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Tell us about your spinning life
I learned how to spin while I was a student abroad in Costa Rica—I lived in a remote indigenous village with a spinner, weaver, dyer who taught me how to do all those things.

Actually, I was motivated to learn how to spin because her family thought it was outrageously funny that I was 22 years old and didn’t know how to spin. The more they laughed at my attempts to spin cotton on a handspindle, the more I was determined to learn. I did and I discovered a lifetime love.

I ended up getting an MFA in Fibers from Colorado State University and my thesis was composed of over 40 handspun, handknitted dysfunctional socks (you can see some of them in my Ravelry projects page).

It was while I was making these socks (some big enough for sleeping bags) that I thought, “hey, I could make sweaters!”.

Any gear you’re dreaming about getting?
I just visited the Home Textile Tool Museum in Orwell, Pennsylvania and tried out a pendulum wheel—and instantly wanted one—even though it would be totally impractical.

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What’s your favorite fiber to spin?
Wool. I’m really enjoying spinning with BFL right now—but also, Shetland and Polwarth—it depends on the project.

What do you do with your handspun?
I have several projects in the works—tussah silk dyed with indigo for a cardigan, BFL dyed by Spunky Eclectic for a domino-square baby blanket, BFL dyed by Chameleon Colorworks for a domino-square sweater for Hannah (it was done, but then I decided to redo the collar), several fleeces that I’m scouring in small batches as I have time, and many more projects that are just waiting in my cedar chest for time to spin.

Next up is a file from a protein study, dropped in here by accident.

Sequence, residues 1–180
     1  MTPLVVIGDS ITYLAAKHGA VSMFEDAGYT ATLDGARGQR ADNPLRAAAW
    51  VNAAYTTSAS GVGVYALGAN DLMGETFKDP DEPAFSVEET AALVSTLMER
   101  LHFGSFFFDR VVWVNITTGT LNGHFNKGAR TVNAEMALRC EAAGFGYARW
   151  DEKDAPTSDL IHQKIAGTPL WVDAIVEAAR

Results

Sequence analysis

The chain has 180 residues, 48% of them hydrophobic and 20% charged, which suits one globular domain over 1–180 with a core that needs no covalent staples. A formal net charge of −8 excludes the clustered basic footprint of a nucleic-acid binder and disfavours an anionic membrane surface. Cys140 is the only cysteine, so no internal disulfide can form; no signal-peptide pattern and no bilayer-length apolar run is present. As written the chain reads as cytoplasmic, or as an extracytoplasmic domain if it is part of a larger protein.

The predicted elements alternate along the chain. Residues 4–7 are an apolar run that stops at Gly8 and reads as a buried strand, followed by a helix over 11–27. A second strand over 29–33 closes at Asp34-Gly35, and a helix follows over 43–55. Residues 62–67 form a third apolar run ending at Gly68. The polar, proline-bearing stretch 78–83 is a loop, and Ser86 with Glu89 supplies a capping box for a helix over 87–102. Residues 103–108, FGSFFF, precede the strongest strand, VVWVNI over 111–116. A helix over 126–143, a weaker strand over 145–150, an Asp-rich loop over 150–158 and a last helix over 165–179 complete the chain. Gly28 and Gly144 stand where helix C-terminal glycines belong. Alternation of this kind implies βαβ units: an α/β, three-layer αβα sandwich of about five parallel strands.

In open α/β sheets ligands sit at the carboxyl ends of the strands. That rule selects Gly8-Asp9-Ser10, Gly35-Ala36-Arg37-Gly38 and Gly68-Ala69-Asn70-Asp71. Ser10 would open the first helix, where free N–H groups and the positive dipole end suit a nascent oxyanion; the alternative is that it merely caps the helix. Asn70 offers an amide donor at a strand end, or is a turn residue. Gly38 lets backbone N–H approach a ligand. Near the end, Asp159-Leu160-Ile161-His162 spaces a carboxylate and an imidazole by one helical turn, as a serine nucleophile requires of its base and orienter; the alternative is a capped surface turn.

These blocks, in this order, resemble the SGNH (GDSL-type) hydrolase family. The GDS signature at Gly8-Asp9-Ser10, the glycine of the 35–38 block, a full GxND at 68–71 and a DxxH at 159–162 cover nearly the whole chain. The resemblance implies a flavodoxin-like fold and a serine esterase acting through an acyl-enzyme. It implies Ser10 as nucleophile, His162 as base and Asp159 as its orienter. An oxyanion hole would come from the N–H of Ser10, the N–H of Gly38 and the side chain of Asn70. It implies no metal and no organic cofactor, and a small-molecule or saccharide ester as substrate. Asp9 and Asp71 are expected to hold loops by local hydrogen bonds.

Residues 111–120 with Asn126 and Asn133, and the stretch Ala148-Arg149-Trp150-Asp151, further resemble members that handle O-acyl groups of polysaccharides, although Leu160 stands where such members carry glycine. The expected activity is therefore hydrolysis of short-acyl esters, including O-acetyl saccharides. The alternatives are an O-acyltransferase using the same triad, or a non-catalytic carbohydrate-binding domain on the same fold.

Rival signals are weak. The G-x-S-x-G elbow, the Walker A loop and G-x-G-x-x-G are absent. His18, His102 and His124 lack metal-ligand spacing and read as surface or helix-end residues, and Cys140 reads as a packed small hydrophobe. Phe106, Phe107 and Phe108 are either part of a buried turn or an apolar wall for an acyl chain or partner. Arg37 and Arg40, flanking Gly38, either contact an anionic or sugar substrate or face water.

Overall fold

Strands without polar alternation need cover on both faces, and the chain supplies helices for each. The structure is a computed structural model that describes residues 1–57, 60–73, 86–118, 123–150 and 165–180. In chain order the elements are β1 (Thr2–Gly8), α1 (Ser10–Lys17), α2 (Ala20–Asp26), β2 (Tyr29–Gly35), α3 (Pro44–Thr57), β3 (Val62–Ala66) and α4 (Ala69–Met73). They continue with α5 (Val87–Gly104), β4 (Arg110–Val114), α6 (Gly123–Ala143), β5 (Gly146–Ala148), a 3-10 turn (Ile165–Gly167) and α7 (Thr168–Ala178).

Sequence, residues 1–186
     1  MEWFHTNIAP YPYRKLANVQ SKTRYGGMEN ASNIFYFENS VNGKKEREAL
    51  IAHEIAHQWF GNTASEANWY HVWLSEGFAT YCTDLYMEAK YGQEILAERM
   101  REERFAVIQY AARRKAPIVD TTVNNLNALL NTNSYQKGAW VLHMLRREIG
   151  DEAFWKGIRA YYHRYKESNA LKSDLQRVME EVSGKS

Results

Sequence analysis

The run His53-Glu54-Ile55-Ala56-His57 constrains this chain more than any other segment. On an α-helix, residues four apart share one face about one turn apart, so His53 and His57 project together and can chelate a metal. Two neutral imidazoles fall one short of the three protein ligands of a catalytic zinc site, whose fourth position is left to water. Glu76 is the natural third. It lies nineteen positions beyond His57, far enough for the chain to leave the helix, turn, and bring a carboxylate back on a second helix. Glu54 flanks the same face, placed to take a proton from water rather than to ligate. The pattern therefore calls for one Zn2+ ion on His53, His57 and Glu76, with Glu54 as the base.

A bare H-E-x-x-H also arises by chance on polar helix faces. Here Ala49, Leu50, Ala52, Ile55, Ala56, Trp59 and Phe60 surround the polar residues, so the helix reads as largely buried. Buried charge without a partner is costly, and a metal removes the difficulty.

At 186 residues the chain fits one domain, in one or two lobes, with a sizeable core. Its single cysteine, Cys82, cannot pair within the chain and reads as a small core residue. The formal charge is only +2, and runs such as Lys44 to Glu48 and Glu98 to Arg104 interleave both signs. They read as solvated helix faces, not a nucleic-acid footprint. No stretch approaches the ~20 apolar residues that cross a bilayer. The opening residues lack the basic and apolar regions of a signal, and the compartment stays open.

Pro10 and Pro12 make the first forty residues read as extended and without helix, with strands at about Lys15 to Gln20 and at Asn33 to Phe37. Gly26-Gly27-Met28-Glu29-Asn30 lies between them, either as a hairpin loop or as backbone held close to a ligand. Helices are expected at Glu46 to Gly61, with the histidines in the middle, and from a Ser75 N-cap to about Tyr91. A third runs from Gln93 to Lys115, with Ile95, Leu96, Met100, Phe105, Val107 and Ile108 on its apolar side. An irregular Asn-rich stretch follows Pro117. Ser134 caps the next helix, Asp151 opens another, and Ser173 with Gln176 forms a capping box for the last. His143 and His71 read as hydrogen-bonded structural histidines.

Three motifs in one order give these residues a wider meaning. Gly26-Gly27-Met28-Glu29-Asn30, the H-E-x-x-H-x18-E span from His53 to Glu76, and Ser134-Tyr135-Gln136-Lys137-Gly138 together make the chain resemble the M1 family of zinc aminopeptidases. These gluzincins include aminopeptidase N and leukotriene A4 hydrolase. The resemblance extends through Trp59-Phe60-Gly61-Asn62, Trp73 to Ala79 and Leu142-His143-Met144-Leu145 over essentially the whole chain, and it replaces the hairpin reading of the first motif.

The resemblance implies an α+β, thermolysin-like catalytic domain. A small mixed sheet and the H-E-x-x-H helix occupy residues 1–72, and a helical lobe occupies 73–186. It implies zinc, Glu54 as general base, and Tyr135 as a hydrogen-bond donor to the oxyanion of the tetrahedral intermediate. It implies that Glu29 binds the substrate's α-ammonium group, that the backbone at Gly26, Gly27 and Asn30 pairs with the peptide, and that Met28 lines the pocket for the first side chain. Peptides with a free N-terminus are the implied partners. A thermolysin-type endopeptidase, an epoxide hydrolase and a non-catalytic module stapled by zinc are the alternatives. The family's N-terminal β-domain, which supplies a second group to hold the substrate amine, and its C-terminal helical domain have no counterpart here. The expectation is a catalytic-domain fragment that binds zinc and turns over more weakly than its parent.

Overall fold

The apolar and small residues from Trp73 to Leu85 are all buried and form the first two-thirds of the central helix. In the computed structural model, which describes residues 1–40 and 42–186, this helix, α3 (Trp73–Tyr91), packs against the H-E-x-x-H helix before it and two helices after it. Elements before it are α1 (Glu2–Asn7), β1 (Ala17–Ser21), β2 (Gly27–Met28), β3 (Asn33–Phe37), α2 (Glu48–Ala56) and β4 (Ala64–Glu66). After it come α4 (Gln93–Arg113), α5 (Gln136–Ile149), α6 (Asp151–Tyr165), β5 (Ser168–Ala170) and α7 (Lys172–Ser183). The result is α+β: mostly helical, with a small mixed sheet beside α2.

Though I’ve been spinning for many years—I don’t get large chunks of time to really work on it—so I’m still an intermediate spinner. I keep my wheel in my living room and the current projects in cloth-lined baskets under a table—so it is easy to pull out when I have time. 

Many folks may not know that you are a bead artist. How did you start and what types of things do you do?
I started beading while I was working as an editorial assistant on Beadwork magazine at Interweave for a staff project on bead embroidery. I got hooked and didn’t look back. I bead over photographs using a spiraling backstitch and use this medium to explore my love of fairytales and myths. See more of Amy’s work here.

What are you working on right now?
I’m finishing up a beaded piece about Lady Godiva right now (it seems so perfect for an election year to be working on this piece depicting Lady Godiva, whose famous bare-back ride through town was a very creative way to convince her husband to give relief to the overtaxed citizens of their town).

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This is my most recently completed beaded piece—Hannah in Helen’s Hands. Normally I bead over photos that I’ve taken, but this is one that my sister took (I got her permission to use it) of my Grandma Helen holding Hannah shortly after she was released from the hospital.

 

What inspires you in work/life/art?
Why is this a hard question? Is it because inspiration comes from so many sources? I’m inspired by the people in my life, and people I’ve never met, but whose stories I’ve heard, I’m inspired by the art I’ve seen, the books I’ve read, the natural and human-made world around me. 

Can you give me 3 tips for spinners?
Trust your instincts.
Spin yarn that makes you happy.
Don’t worry about the shoulds.
ABOUT THE AUTHOR
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Jillian Moreno is the editor of Knittyspin.